Haskell - how can I check if number is Double/Float?

I would like to do smth like:

``````x `mod` 1.0 == 0 // => int
``````

but it seems mod works only for int... help! EDIT: I am trying to check if given number is triangle, http://en.wikipedia.org/wiki/Triangle_number so my idea was to check if n1 is Int...

(n*(n+1))/2 = s => n1 = (-1 +sqrt(1 + 8s))/2

• huh? you mean checking if a `Float` is not a round integer? – yairchu May 22 '10 at 22:45
• Doing this kind of thing with Floats is a bad idea in general because rounding errors can so easily trip you up. – Paul Johnson May 23 '10 at 9:46

Total edit:

Okay, I'm still not sure what you're trying to accomplish here.

• First, anything modulo 1 is going to be zero, because the modulo function only makes sense on integers. If you want to take the modulo of a fractional type you can convert to an integer first. Edit: Although for what it's worth, `Data.Fixed` does have a `mod'` function for non-integral values.
• I also don't know what you mean by "check if n1 is Int". Either it is or it isn't; you don't need to check at run time. Edit: Okay, I see now that you're just checking to see if a value has a fractional component. Paul Johnson correctly points out above that it's wise to be careful doing such things with floating point values.
• If you want to mix `mod` and `sqrt` operations in the same calculation, you'll have to manually convert between appropriate types. `fromIntegral` will convert any integer type into any number type, `floor`, `ceiling`, and `round` will convert fractional types to integral types.
• Check my edit plz, I am try to check if given number is Triangle Number – MMM May 22 '10 at 22:30
• Thx for clue, now I did (ceiling x == floor x) and it seems to work ;) (false if x has factional part) – MMM May 22 '10 at 22:48
• @MMM: Okay, I'm still confused, but glad I could help...? – C. A. McCann May 22 '10 at 22:49
• Why confused? My problem was: user give number s, so I check if for s = n(n + 1)/2, n is natural, with none factional part, if so, given "s" is Triangle number... am I right?:) – MMM May 22 '10 at 22:54
• @camccann: regarding "modulo function only makes sense on integers": reference.wolfram.com/mathematica/ref/PolynomialRemainder.html, and in Python you can use modulo like `7.2 % 5` and it might be useful for calculating what change you need to give in coins etc. – yairchu May 23 '10 at 20:32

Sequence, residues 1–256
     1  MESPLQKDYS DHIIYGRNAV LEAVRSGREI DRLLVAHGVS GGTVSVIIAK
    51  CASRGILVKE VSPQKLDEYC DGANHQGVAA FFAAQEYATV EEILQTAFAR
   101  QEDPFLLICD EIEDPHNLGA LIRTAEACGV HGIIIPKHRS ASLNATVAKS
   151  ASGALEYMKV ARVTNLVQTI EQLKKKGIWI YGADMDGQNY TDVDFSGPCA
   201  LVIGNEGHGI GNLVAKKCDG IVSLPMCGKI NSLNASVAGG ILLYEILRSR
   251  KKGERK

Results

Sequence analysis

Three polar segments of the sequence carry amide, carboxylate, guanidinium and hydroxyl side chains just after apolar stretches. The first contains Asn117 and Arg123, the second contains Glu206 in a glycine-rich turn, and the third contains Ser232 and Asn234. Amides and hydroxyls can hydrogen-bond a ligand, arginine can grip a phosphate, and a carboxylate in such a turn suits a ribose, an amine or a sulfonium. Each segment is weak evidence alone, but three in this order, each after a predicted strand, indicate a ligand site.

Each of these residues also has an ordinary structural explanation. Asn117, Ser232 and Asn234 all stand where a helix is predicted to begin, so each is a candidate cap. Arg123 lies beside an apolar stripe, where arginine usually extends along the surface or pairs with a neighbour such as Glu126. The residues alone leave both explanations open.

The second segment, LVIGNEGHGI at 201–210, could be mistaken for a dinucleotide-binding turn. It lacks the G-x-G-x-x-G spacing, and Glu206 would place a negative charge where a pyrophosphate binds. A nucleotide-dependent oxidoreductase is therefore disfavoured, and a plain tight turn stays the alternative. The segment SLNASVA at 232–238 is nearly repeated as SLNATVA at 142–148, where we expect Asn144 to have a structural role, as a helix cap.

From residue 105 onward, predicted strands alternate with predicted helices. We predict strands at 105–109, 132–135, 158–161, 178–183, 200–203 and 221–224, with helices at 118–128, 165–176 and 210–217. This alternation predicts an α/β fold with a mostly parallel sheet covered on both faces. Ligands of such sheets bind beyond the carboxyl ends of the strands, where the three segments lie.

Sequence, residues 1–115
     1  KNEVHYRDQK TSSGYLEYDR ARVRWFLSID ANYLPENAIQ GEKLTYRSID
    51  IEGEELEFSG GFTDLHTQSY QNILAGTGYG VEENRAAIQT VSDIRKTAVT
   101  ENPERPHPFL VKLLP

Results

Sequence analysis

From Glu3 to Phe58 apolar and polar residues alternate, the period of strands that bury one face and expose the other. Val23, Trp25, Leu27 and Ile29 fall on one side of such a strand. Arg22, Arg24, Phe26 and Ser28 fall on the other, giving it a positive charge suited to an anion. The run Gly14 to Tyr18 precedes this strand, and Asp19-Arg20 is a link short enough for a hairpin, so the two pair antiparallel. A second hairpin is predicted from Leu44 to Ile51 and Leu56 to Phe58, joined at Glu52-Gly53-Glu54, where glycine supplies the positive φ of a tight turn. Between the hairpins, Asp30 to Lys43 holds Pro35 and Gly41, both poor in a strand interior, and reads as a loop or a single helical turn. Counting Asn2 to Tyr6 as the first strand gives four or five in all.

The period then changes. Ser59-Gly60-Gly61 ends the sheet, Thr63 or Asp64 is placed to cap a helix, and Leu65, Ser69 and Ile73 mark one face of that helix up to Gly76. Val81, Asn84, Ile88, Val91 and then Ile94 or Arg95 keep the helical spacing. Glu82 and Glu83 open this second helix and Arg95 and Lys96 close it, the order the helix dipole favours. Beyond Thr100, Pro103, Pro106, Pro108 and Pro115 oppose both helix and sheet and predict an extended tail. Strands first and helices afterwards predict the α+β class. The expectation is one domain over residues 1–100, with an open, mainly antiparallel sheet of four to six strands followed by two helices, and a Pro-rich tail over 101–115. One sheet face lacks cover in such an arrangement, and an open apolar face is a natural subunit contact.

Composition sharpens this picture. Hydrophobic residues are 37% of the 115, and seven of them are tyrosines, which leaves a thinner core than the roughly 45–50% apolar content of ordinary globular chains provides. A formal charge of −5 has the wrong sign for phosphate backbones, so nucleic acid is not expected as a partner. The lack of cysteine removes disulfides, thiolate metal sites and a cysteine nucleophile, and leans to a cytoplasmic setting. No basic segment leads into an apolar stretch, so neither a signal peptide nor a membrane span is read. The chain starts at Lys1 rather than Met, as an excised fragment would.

To determine whether a certain `Float` or `Double` is indistinguishable from an `Integer` in Haskell, use `floor` and `ceiling` together. Something like:

``````if floor n == ceiling n
then "It was some integer."
else "It's between integers."
``````

There might also be some fancy stuff you can do with the float's representation in binary, exposed by the RealFloat typeclass:

• You were too late, I found that solutions themselfes, check my comment above ;) – MMM May 24 '10 at 17:28
• Where you say 'themselfes' I think you mean 'myself'. – solidsnack May 25 '10 at 23:35

A better way to check if a number is triangular is to generate a list of triangular numbers and then see if your candidate is in it. Since this is a learning problem I'm going to give hints rather than the answer.

Use a list comprehension to generate the triangular numbers.

Since they will be in order you can find out if you have gone past them.

An alternative approach if you are working with big numbers would be to use a binary search to narrow down the number of rows that might give rise to your candidate.

• But that list will be inifinty? Haskell stop searching themselfs when nummber will be bigger than searching one? – MMM May 23 '10 at 9:31
• Yes, the list will be infinite. And no, Haskell won't realise this unless you tell it. So you need to figure out how to make the search terminate. – Paul Johnson May 23 '10 at 9:44
• By which measure is that way better? It's certainly more expensive than just using the formula. It's also almost certainly more code. – sepp2k May 23 '10 at 10:50
• Floating point numbers can be tricky, especially when you are comparing them. It would be very easy to end up with 3.999999982 instead of 4.0, at which point your algorithm fails. Even if it seems to work most of the time, you never know if the next case is going to fail. So if you are dealing with integers then its best to find a way of doing the whole thing with integers. – Paul Johnson May 23 '10 at 17:57